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#117: Count, Click and Canon: a Rhythm Masterclass

While there are many notable quotes from Johann Sebastian Bach, one of my favorites is this one: “There's nothing remarkable about it. All one has to do is hit the right keys at the right time and the instrument plays itself.”  Okay, the man was a musical genius, but obviously he also had a remarkable talent for understatement. 

On the other hand, that really is the major part of learning and playing a piece of music, at least it’s where we start. Certainly the expression of the music is our ultimate aim, but communicating the music starts with the right notes at the right time. That’s the focus of the podcast today: not so much how to find the right notes, but how to play them at the right time. 

We all know it’s not as simple as Bach made it sound. In fact, the difficulties of finding that “right time” are evident everyday in our practice, even if we are expert players. See if any of these common rhythmic challenges sound...

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#113: Three Easy Ways To Get Your Hands Playing Together

There are markers along the road in every harpist’s development, signposts that indicate you’re making progress. These are like those highway signs that tell you how many miles you are from the next town or city, like “New York City - 90 miles.” No matter how long it’s taken you to get to that point and regardless of the traffic jam ahead of you on the New Jersey Turnpike, New York City is now only 90 miles away.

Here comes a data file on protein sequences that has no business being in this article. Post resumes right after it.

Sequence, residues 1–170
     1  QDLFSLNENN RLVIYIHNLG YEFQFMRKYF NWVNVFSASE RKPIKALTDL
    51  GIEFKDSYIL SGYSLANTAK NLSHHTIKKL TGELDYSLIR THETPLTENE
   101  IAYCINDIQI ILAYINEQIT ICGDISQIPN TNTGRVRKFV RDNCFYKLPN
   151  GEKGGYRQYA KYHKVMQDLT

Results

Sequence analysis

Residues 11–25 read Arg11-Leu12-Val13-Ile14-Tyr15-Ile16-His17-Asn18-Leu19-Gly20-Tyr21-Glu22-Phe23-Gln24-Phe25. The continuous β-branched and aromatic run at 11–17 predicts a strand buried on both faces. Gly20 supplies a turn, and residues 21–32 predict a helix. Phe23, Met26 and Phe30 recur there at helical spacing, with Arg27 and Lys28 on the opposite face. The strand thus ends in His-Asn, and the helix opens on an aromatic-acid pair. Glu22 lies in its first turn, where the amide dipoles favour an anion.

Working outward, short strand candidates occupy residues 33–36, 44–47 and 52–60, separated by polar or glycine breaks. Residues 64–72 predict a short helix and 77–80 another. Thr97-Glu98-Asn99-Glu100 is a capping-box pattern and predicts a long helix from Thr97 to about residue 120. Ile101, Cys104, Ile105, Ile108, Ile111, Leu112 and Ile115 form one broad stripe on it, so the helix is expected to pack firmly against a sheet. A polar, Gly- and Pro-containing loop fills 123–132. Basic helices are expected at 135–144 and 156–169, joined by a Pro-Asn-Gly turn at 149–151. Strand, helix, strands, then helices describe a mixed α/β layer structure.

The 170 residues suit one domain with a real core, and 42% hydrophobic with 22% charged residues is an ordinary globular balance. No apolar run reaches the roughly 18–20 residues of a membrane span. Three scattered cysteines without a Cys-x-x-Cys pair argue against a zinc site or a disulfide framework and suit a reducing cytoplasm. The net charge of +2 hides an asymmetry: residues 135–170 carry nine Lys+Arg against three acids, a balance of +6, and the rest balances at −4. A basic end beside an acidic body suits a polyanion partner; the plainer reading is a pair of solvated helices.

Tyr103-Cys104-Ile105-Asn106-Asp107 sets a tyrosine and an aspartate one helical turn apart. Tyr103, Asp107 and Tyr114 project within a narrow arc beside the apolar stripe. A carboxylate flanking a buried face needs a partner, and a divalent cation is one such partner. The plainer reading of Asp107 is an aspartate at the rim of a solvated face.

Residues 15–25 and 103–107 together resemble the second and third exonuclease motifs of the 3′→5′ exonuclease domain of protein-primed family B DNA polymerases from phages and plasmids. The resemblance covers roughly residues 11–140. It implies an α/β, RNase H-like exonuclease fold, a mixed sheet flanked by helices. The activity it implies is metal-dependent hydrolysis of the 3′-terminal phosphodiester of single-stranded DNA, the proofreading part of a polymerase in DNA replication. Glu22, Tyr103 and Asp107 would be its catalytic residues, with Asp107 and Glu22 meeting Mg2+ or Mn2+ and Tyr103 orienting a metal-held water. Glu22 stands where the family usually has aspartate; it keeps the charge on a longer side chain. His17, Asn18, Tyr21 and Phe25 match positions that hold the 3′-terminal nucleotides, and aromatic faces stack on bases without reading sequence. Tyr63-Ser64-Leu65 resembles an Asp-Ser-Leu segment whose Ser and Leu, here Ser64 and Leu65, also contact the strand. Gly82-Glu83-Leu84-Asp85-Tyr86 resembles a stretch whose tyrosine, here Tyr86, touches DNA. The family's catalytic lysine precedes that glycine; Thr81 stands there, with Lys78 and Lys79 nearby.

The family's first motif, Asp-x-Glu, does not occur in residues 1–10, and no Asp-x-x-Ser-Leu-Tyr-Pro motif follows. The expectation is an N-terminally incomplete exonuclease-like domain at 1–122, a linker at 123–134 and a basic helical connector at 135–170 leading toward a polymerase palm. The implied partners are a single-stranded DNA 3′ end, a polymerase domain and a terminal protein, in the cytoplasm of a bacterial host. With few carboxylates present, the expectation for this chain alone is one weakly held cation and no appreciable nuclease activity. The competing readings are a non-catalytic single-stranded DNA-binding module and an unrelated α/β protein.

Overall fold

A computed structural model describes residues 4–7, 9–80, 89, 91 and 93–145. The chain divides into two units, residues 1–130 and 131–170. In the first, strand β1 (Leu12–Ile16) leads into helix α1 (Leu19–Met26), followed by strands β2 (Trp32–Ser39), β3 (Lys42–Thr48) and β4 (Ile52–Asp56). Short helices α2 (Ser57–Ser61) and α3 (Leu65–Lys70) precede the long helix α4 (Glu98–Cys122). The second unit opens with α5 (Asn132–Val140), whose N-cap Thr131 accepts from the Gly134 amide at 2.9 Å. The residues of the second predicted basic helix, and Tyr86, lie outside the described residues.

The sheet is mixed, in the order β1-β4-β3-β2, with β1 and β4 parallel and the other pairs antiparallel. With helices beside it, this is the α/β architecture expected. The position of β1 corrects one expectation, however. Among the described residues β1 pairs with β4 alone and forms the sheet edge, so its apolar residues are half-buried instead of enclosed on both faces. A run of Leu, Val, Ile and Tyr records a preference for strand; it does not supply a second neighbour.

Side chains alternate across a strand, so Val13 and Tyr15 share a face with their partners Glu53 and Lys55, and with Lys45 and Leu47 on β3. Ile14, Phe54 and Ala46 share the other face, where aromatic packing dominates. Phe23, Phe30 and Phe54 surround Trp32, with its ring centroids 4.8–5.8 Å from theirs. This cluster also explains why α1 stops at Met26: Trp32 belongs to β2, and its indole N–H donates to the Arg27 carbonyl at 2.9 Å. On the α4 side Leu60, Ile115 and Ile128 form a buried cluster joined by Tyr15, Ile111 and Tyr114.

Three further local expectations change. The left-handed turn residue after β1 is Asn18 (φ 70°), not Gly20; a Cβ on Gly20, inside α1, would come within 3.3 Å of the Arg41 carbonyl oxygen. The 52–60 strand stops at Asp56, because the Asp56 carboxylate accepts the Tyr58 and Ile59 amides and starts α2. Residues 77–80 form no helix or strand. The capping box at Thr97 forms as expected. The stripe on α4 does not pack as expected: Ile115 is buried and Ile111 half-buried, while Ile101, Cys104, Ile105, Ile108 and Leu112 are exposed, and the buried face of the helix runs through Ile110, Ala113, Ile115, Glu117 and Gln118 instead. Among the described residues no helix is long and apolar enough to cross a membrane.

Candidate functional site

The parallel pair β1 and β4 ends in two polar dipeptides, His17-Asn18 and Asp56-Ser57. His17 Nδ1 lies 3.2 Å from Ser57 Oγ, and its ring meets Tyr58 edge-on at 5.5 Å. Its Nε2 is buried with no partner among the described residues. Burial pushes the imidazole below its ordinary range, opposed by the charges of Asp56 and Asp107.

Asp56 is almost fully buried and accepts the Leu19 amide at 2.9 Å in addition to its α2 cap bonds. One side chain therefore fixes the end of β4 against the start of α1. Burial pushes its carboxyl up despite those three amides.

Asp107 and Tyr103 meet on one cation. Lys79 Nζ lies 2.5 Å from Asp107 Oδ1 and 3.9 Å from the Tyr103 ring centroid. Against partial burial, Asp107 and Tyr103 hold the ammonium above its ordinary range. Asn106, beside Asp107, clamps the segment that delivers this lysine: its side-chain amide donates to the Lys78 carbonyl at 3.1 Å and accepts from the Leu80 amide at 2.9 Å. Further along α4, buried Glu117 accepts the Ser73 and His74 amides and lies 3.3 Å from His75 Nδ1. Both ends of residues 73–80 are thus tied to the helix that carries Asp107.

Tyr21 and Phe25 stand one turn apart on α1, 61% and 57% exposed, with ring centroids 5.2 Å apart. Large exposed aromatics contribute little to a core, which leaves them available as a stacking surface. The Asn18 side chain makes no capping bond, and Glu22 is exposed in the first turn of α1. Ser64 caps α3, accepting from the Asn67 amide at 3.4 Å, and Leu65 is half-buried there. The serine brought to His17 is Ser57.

Graduating from three-note chords to four-note chords is one of those markers I talk about often. Another one is fluent hands together playing.

Fluent may not be the best word to describe my meaning. It’s more a comfort level, the point at which hands together playing is not any more difficult for you than playing hands separately. Many harpists develop fluency playing hands separately and then are frustrated when that fluency doesn’t translate to their hands together playing. What they don’t realize is that the...